Therefore forgive everyone for everything. Always forgive your enemies — nothing annoys them as much.
“Kshama veerasya bhushanah”, says a Sanskrit Subhashitaa (wise saying). It means “forgiveness is the ornament or quality of the strong and courageous”. The weak find it difficult to forgive. Forgive from the position of strength and not out of weakness, helplessness or cowardice.
Forgiveness does not mean tolerance of any nonsense, bad behavior or injustice. It is different from being submissive and meek. Forgive, but beware of people taking your forgiving nature for granted. Be guarded against people taking advantage of you.
Likewise we also need to apologize or ask for forgiveness from those whom we may have caused harm or hurt them knowingly or unknowingly. Apologizing does not necessarily mean that we are wrong and the other one is right. It simply means that we value the relationship much more than our ego.
We are prone to non-acceptance at various levels, which is really the flip side of non-forgiveness. Some of us are unable to accept our bodies the way they are, our thoughts, or the family in which we are born. We may not have forgiven some of the incidents in our lives which caused us regret and pain. We may not have forgiven our parents, spouse or some others for various reasons.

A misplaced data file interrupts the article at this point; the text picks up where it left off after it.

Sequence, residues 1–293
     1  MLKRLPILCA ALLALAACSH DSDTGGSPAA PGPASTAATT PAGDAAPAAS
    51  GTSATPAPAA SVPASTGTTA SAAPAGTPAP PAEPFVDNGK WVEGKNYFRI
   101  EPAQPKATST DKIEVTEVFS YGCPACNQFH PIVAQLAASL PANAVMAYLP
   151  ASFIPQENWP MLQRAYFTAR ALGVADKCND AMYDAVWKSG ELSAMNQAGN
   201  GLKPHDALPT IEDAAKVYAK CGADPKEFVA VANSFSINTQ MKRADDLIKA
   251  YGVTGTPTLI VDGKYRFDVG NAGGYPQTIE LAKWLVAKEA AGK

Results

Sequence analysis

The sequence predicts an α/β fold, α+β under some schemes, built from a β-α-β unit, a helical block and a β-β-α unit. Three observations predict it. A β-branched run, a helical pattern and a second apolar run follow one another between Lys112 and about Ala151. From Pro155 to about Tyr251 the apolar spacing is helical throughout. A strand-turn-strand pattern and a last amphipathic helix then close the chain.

Many people say they do not like their lives; they hate the way they are. This means that they are not comfortable with their present lives or are unforgiving towards whatever has lead to their present condition. It is possible that their own past errors may have led to their present miserable condition. Everyone commits mistakes and it is part of life. The one who claims not to have ever committed a mistake is most likely the one who never tried anything new. Errors and mistakes are part of learning process. We should also not hate ourselves for mistakes we may have committed in the past. It is also important that we learn to forgive ourselves for past errors, learn from our mistakes and move on.
Acceptance signifies understanding of the whole situation as it is. Acceptance does not mean submissiveness and tolerance.
We need to understand the negative impact of hatred and the positive effect of forgiveness.
Hatred Triggers cancerous cells
Forgiveness destroys cancerous cells
Hatred makes us old
Forgiveness is a youth serum